Maggie Chung, MS4, Warren Alpert Medical School Jemianne Bautista, PGY1, Kaiser Permanente Los Angeles

For students considering a career in IR, a dedicated elective is a valuable way to learn more about this field. Because IR electives present students with terminology and procedures not often covered during core third-year clerkships, the Medical Student Council offers the following suggestions for how to excel during your elective.

Consider an Away Rotation: Doing an away rotation allows you the opportunity to show commitment to a particular institution or region and gives you a firsthand look into specific programs so that you can determine whether or not a program is a good “fit” for you. Before selecting an away rotation, please take a look at this article for tips on timing, program selection, applying and expectations of visiting students.

Prepare before the Rotation:

Before the start of your rotation, review anatomy, particularly relevant vasculature (e.g. branches of the celiac trunk, tributaries to portal vein, lower extremity arteries and veins). A firm grasp of the vascular anatomy is essential for understanding procedural approaches and reading angiograms. There are tools and terminology in IR that may be foreign to those entering the field. Familiarize yourself with these common tools and terms to have a productive start to the rotation and to be an active member during procedures. Know the basics of common procedures (causes of disease, procedure indications and contraindications). This knowledge will prepare you for any pimping during procedures, and serve as a crucial knowledge base for your future in IR. Study these videos to learn the steps of common IR procedures, so that when you’re assisting the procedure, you will be able to anticipate the next step, and be in a better position to contribute during the procedure. One of the videos even demonstrates how to perform percutaneous femoral access, a skill that will come in handy should you have the opportunity during your elective.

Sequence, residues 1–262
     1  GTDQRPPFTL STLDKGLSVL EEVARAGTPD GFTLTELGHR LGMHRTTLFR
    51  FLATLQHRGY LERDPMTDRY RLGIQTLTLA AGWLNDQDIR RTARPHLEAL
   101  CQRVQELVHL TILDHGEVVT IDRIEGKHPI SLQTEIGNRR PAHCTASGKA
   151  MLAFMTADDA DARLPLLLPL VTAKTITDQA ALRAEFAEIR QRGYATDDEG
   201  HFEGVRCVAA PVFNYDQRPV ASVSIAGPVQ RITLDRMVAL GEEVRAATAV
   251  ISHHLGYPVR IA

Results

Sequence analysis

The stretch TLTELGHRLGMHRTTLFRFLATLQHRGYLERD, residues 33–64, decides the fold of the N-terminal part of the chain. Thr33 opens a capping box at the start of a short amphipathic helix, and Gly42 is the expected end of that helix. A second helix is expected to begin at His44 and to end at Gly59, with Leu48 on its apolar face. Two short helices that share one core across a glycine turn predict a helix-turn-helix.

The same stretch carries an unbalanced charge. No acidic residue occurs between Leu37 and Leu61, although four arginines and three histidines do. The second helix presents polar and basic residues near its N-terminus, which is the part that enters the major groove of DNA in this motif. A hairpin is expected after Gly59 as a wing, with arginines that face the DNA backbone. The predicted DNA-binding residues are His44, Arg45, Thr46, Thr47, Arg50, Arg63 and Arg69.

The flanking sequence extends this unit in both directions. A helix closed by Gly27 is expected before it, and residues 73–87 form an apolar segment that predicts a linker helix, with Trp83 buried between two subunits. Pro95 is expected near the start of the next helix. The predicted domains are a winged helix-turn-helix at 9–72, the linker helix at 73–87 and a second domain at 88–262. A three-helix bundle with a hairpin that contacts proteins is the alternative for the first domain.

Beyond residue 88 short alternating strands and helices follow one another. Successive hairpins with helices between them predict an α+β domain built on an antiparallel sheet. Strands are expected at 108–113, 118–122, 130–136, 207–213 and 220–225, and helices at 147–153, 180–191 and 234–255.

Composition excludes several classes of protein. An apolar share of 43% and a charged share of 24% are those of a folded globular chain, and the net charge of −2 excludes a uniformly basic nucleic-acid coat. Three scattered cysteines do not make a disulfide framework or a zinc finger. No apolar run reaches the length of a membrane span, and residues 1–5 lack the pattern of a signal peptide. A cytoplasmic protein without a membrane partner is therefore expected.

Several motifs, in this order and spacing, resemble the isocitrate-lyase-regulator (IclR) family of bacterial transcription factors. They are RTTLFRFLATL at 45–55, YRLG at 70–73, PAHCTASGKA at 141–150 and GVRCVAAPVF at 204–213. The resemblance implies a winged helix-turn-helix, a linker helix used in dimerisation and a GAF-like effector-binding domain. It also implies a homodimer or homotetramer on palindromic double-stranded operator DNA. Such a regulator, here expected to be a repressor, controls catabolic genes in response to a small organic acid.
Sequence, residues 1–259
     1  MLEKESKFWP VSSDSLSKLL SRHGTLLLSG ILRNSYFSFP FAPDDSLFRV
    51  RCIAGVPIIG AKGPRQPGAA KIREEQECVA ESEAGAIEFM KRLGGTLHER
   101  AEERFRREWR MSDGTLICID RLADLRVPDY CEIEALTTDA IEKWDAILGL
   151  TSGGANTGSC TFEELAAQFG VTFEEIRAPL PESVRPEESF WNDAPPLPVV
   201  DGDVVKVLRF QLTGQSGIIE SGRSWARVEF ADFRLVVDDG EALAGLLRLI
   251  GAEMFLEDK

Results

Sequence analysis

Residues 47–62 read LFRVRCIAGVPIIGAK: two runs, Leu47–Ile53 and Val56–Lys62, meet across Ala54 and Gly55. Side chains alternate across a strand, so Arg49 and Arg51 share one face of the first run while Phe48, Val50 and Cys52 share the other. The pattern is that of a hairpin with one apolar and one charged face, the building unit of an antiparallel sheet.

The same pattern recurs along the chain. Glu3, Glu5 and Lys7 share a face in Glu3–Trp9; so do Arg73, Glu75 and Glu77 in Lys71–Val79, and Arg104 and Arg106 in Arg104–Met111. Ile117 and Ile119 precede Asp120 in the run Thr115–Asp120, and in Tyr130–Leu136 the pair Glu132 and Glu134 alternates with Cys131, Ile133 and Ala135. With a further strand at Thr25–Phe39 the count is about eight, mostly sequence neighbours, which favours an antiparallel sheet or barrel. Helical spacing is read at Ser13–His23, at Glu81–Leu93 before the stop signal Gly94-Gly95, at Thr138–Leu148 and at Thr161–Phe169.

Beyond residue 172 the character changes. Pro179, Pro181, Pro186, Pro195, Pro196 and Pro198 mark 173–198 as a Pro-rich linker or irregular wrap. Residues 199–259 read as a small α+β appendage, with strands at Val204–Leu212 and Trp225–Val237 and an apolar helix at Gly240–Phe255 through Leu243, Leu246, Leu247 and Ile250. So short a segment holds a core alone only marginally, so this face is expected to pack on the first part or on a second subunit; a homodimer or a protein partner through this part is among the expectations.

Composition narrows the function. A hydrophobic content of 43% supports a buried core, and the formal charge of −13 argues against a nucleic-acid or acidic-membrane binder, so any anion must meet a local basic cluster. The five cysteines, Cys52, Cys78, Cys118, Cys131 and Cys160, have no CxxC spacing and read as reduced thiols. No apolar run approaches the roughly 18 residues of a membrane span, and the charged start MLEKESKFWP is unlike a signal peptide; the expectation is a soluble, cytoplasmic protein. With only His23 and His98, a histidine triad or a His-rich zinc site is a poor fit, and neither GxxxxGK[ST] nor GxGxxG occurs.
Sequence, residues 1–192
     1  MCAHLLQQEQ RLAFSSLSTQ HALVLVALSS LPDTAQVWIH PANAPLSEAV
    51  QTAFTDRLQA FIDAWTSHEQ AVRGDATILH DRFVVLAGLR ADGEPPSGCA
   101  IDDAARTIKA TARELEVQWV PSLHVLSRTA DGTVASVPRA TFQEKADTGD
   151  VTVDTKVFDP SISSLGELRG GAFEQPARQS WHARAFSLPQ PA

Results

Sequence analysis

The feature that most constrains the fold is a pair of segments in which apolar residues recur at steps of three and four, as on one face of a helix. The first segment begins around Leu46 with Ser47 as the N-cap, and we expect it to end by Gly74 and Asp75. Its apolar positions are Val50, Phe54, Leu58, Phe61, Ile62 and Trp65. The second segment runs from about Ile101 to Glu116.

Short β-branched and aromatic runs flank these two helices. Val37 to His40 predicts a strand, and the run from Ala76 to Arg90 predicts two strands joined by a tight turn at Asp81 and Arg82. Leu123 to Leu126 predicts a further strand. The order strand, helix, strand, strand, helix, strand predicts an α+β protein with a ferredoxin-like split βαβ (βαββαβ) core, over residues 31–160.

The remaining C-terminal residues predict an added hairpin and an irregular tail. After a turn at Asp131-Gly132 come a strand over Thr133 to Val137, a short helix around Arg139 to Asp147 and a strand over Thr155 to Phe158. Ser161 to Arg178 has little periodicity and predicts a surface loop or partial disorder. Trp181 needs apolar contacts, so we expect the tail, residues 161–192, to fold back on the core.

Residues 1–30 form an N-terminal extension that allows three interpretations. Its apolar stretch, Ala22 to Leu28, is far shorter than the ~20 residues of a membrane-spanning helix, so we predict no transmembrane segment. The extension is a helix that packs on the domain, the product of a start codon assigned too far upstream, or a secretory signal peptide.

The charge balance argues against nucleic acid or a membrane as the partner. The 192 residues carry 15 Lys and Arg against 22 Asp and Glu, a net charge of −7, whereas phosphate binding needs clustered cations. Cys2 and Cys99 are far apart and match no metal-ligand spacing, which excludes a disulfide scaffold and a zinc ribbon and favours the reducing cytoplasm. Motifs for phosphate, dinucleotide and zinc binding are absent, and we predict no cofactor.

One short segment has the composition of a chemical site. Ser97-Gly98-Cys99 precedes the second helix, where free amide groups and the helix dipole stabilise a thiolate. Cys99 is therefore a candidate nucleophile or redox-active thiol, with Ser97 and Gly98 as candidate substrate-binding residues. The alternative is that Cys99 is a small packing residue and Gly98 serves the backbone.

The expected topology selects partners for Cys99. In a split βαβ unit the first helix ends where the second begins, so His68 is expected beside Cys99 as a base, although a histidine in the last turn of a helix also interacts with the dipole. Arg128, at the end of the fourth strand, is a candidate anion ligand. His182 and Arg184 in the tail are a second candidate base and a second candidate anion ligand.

During the Rotation

There are several ways you can contribute throughout the day and find learning opportunities. In the morning, you can help your team by measuring drain outputs and trending relevant labs. Be proactive in following and presenting patients. Your presentations are a great opportunity to demonstrate a solid grasp of patients’ diseases and the procedures’ broader clinical context.

While preferences for student presentations vary, we suggest the following format:

  1. A one-sentence description of the patient that includes the patient’s age, gender, pertinent disease process, what procedure will be performed.
  2. Relevant history to serve as background to why the patient is receiving the procedure. Mention any previous IR procedures and when they were performed. If the patient is here for a fistulogram or declot, mention his/her dialysis schedule.
  3. Medications: note any anticoagulants.
  4. Allergies: only mention if pertinent.
  5. Labs: PT, PTT, INR.

Include total bilirubin for hepatic procedures. BUN and creatinine for renal procedures. If the patient is febrile or an infectious process is involved, include white blood cell count.

  1. Imaging: note any pertinent findings and when imaging was performed.

Example: Mr. Doe is a 30-year-old male with alcoholic cirrhosis complicated by HCC here for chemoembolization.

The patient has had 3 previous chemoembolization treatments here with Dr. ________, the last one being 1/1/15 of segment 4a.

The patient is not on any anticoagulants.

PT is __, PTT is ___, INR is ___, and T bili is ___.

The patient’s most recent CT abdomen was 1/1/15 and showed interval increase in size of his segment 4a lesion.

During the procedure, you can help with the following tasks:

  1. Label syringes
  2. Refill syringes (contrast and saline)
  3. Anticipate next step and hand non-sharp instruments preemptively
  4. Flush catheters and sheaths before use
  5. Coil wires
  6. Gently hold the back of the wire so it does not fall off the table and get contaminated
  7. Help save images on US or fluoroscopy
  8. Take biopsy specimen slides from procedure room to pathologist
  9. Help dress drains
  10. After the procedure, take sharps to sharp container and then roll up table drape and throw into the trash

You can also help with consults by calling the consulting team to inquire about the reason for consult, patient history, and if the patient is on anticoagulants.

Before you leave each day, you can round on patients who have received arterial procedures (check peripheral pulses and puncture sites for hematomas) or drainage. You should let your team know which patients you plan on following or presenting the next day.

As with any rotation, being enthusiastic and showing eagerness to help is key. The IR service is often hectic; helping out your team gives your fellows and attendings the flexibility to teach. The more motivated you are, the more you will reap from your elective. Stay late and take advantage of all that the experience can teach you. Reading every evening about your patients and their procedures will help you build an impressive fund of knowledge throughout your rotation. We hope you succeed with these tips as you explore the excitement and innovation the field of IR has to offer.

Categories: Med Student Section